New UNICEF survey shows positive news on Thailand’s socio-economic recovery from COVID-19, but poor families continue to face challenges

Tukka Horakool, 29, from Bangkok, Thailand. “COVID-19 has affected many peoples in our community as some of them are working by night shift, they lost their OT as well some of them lost their full-time jobs. Many of them were living on their savings but most of them earn minimum wage. They do not have a large saving capacity of many family members who do not have solitary jobs. Many of them live at the rental room, or rental house where each month they meet with rental bills.”

BANGKOK, 24 May 2023 – A UNICEF survey released earlier this week reveals that households in Thailand are recovering from the COVID-19 pandemic with significant improvements in jobs and income across all population groups. However, challenges remain in areas of childcare, household debt, and savings, primarily affecting the poorest and families with children.

UNICEF’s High Frequency Surveys aimed to monitor the impact of COVID-19 pandemic and other shocks such as price increases on households, and track their recovery trajectories, including in areas such as household income, employment, childcare, food security, health, education and social assistance. Two rounds were conducted in September 2022 and March 2023, interviewing more than 2,000 households across Thailand.

The survey reveals an overall positive trend, particularly for those who had lost their jobs during the COVID-19 pandemic, with 90 per cent having returned to work as of March 2023, compared to 79 per cent in September 2022.   This positive trend has been accompanied by an improvement in income, with 55 per cent of respondents reporting that their income had increased, with nearly half of them stating that the increase was substantial.

Unfortunately, households with children appear to recover slower than the rest of the population. According to the survey, households with children found it more difficult to start working again after losing their jobs, mainly due to childcare obligations. Mothers and grandmothers were the main providers of care, with 86 per cent responsible for that work, compared with just 4 per cent of fathers and grandfathers.

“While recovery is well underway, families with children and the poorest members of the population continue to face significant challenges, especially around childcare services, employment opportunities and rising prices,” said Kyungsun Kim, UNICEF Representative for Thailand. “These challenges underscore the critical need to prioritize investments in children, especially accessible and affordable quality childcare services, and making the child support grant universal while increasing the grant amount to help families coping with rising prices.”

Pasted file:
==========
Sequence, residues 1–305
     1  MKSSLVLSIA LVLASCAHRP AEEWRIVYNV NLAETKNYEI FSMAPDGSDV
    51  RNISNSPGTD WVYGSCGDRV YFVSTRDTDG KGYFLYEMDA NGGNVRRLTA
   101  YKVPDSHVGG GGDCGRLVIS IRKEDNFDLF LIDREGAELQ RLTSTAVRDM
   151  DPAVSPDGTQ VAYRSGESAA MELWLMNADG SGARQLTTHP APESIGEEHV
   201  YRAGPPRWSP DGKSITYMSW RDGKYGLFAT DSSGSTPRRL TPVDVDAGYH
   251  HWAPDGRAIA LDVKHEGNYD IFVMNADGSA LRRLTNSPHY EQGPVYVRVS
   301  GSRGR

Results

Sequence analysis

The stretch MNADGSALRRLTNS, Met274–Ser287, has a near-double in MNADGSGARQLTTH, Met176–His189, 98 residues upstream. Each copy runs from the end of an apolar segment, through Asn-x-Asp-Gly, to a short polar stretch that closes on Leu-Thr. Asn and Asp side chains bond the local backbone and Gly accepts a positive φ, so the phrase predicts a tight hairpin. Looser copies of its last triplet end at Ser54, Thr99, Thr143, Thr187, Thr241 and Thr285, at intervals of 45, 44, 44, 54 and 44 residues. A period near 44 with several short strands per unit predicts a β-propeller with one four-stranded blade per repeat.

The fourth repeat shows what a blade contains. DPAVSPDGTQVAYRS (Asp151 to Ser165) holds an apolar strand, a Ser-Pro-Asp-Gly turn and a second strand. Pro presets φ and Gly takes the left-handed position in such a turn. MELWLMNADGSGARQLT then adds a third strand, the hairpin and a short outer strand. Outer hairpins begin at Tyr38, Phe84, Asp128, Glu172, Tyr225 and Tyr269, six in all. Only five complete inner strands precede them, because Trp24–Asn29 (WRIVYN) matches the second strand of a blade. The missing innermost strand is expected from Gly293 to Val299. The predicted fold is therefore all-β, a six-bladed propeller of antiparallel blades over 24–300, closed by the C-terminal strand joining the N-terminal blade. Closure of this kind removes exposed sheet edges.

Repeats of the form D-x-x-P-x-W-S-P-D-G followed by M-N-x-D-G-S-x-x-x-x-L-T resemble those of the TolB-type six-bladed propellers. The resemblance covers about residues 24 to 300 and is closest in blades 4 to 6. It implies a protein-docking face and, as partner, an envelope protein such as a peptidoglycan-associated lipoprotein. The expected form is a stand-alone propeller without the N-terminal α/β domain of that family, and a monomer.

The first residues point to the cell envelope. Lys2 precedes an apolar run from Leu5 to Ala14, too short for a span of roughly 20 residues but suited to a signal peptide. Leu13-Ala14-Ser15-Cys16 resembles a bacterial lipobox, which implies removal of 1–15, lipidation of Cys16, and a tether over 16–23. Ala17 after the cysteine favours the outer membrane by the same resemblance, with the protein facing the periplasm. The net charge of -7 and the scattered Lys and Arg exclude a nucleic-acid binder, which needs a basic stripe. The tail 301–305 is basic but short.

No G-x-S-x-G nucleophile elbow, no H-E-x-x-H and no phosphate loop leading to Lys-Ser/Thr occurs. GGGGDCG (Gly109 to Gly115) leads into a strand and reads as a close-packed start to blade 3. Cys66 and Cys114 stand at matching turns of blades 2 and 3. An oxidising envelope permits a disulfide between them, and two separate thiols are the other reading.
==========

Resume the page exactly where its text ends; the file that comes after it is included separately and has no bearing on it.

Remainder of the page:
According to the survey, many parents struggle to find suitable and affordable childcare services. More than 1 in 3 of the respondents (37 per cent) had forgone employment due to childcare needs, especially in the northeast and rural areas, saying childcare services were too expensive for them to afford. Due to a lack of childcare options, 5 per cent of respondents occasionally left their children aged 0-6 under the care of another child younger than 10 years old while 10 per cent indicated that sometimes they had to take their young children to work.

PPAT COVID-19 outreach activity in Chiang Dao Chiang Mai

Despite high prevalence of households benefiting from social assistance provided by the Government, the survey found worrying trends in household savings and debt, especially among households with children. About 70 per cent of all households indicated that their savings had either decreased from six months earlier or they had no savings left at all. Between September 2022 and March 2023, borrowing from financial institutions increased from 21 per cent to 40 per cent while delayed repayments also rose from 24 per cent to 36 per cent. Delay in debt repayment was higher at 41 per cent among households with children, signaling higher vulnerability to shocks.

More positively, children are returning to schools, the survey noted. In March 2023, almost all respondents said their children had returned to schools compared with some 94 per cent six months earlier. A majority of them also reported that their children are catching up well on learning after returning to school.

“We hope that this report will complement the ongoing efforts of the Royal Thai Government in steering the country towards an inclusive recovery. By putting children first on the national agenda, we will not only recover from the pandemic but also accelerate our journey towards sustainable development and shared prosperity.” Kim added.

Download UNICEF’s High Frequency Surveys: EnglishThai

For more information, please contact:

Rudina Vojvoda, UNICEF Thailand, 065 472 1060

Nattha Keenapan, UNICEF Thailand, 086 616 7555,

Tanakorn Panyadee
The Latest Local News Translator at The Pattaya News. Aim is a twenty-two year old who currently lives and studies in his last year of college in Bangkok. Interested in English translation, story-telling, and entrepreneurship, he believes that hard-working is an indispensable component of every success in this world.